Why Should You Have a Career Plan?

Are you doing well in your career and would like to join the senior ranks of your organisation? Or are you ready to start up your own business but something always gets in the way? Perhaps you know that you should be in line for a promotion but it seems to take a long time coming. You know the career and position you ultimately want but can’t envisage how you will achieve it?

Did you know that nearly 50% of women don’t plan their career goals as compared to 33% of men (according to Penny Valk, CEO of Cedar)? Ruth Malloy says, ‘…… women are less deliberate than men in their career progressions, thinking, “I will learn, grow, and build my capabilities,” rather than, “I will create opportunities to learn X and gain experience in Y to get to position Z.”

Most people spend more time planning their holidays than they do their careers. In the old paradigm of jobs for life, opportunities provided by the employer determined the direction and pace of people’s careers. However, in the new paradigm you are responsible for your own career development and often training too. To find out how you can succeed, take a look at the following report “Calling Women over 40! Why You Are Stuck In Your Career And What you Can Do About It” by Claudia Crawley & Ghazala Faizi.

For many women, just showing up for work means finding a critical balance between domestic responsibilities for children, elderly parents or household chores and the world of work. However, as a woman over 40, you may find that at last you have the freedom to have the career you have always wanted. So how do you go about it? Having a structured career plan with actionable steps will help you climb the ladder or labyrinth you wish to navigate.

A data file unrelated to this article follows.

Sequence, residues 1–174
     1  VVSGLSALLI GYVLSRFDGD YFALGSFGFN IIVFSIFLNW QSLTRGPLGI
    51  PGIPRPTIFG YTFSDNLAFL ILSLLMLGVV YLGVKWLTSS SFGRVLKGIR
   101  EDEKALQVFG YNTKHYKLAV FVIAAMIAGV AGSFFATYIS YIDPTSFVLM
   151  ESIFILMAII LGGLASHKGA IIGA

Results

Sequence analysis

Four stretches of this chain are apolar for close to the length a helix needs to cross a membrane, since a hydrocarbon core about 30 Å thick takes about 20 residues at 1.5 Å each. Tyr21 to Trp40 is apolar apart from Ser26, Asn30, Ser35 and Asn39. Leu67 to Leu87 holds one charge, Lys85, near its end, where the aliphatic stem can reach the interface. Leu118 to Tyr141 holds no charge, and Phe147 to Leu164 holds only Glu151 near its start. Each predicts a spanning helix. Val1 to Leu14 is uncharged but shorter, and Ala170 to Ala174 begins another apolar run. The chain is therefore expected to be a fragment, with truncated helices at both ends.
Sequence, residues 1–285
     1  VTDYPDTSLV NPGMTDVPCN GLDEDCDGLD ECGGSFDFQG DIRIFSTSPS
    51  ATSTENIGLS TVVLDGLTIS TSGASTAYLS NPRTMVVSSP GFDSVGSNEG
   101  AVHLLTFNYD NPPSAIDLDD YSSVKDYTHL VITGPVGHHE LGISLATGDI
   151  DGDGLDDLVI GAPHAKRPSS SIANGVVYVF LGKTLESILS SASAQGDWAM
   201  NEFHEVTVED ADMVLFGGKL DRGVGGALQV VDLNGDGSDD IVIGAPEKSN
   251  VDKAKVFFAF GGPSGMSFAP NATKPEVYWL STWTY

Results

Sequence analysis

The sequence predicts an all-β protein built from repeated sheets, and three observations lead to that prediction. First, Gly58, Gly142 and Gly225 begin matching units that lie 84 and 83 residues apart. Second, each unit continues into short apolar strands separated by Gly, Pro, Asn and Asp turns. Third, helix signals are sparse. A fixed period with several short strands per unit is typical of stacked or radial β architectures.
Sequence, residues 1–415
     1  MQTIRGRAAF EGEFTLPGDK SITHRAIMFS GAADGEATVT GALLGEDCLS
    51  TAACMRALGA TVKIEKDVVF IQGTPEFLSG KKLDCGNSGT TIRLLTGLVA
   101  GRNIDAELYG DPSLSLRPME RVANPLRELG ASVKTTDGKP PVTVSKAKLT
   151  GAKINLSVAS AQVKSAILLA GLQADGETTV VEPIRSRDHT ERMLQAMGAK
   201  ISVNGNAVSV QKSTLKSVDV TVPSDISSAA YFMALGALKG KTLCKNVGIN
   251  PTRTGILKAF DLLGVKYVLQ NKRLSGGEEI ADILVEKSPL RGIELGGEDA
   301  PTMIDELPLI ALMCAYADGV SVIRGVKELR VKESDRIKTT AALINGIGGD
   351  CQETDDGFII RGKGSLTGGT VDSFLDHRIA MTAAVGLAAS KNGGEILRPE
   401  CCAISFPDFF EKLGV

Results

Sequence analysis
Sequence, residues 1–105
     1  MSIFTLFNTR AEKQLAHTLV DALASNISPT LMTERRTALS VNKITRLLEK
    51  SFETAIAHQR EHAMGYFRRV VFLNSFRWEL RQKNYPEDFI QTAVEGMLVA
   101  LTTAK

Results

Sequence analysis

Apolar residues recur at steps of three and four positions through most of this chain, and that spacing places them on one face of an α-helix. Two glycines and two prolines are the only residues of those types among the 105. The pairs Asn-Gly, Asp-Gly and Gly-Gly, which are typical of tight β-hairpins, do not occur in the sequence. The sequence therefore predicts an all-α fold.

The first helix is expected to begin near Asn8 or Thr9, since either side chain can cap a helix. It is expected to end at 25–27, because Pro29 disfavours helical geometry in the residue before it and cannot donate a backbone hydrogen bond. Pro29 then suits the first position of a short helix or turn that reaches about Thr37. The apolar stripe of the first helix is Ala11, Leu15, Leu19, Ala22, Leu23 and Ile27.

Why is a career plan necessary?

If you have no vision or goal for your future career, how can you achieve it? Two years down the road, you may be asking yourself why you are still in the same position. A career plan is an action plan with clearly identifiable steps you need to follow to meet your aims. Regular reviews allow you to take stock of how close you are to achieving your goals and any corrective action you may need to take.

Anne was struggling with the next step to take in her career.  She felt she was coasting in her job and wanted more but was lacking in confidence. She couldn’t see the wood for the trees and was confused at being passed over.  She had a great deal of experience that was taken for granted by her employer but she didn’t know how to progress further. Anne set her goal to join the ranks of senior management in her company and worked out a roadmap. 6 months later I found out that she had got there!

While planning your career may seem a daunting and difficult task, you don’t need to do it alone. Claudia Crawley and I are running a two day immersive workshop in September for women like you, over 40, ambitious and determined to do the high level work you know you are eminently capable of.

Find out more, click here.

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